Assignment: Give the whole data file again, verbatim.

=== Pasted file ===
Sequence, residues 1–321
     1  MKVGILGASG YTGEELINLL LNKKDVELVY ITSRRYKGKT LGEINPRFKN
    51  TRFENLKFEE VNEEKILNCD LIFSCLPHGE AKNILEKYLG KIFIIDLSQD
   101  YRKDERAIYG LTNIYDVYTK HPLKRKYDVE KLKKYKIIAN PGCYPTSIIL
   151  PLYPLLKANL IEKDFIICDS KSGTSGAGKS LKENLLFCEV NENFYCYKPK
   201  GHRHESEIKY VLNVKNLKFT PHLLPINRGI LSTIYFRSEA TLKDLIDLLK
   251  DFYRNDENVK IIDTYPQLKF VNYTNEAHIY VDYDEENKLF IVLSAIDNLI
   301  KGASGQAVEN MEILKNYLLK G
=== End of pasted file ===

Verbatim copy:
Sequence, residues 1–321
     1  MKVGILGASG YTGEELINLL LNKKDVELVY ITSRRYKGKT LGEINPRFKN
    51  TRFENLKFEE VNEEKILNCD LIFSCLPHGE AKNILEKYLG KIFIIDLSQD
   101  YRKDERAIYG LTNIYDVYTK HPLKRKYDVE KLKKYKIIAN PGCYPTSIIL
   151  PLYPLLKANL IEKDFIICDS KSGTSGAGKS LKENLLFCEV NENFYCYKPK
   201  GHRHESEIKY VLNVKNLKFT PHLLPINRGI LSTIYFRSEA TLKDLIDLLK
   251  DFYRNDENVK IIDTYPQLKF VNYTNEAHIY VDYDEENKLF IVLSAIDNLI
   301  KGASGQAVEN MEILKNYLLK G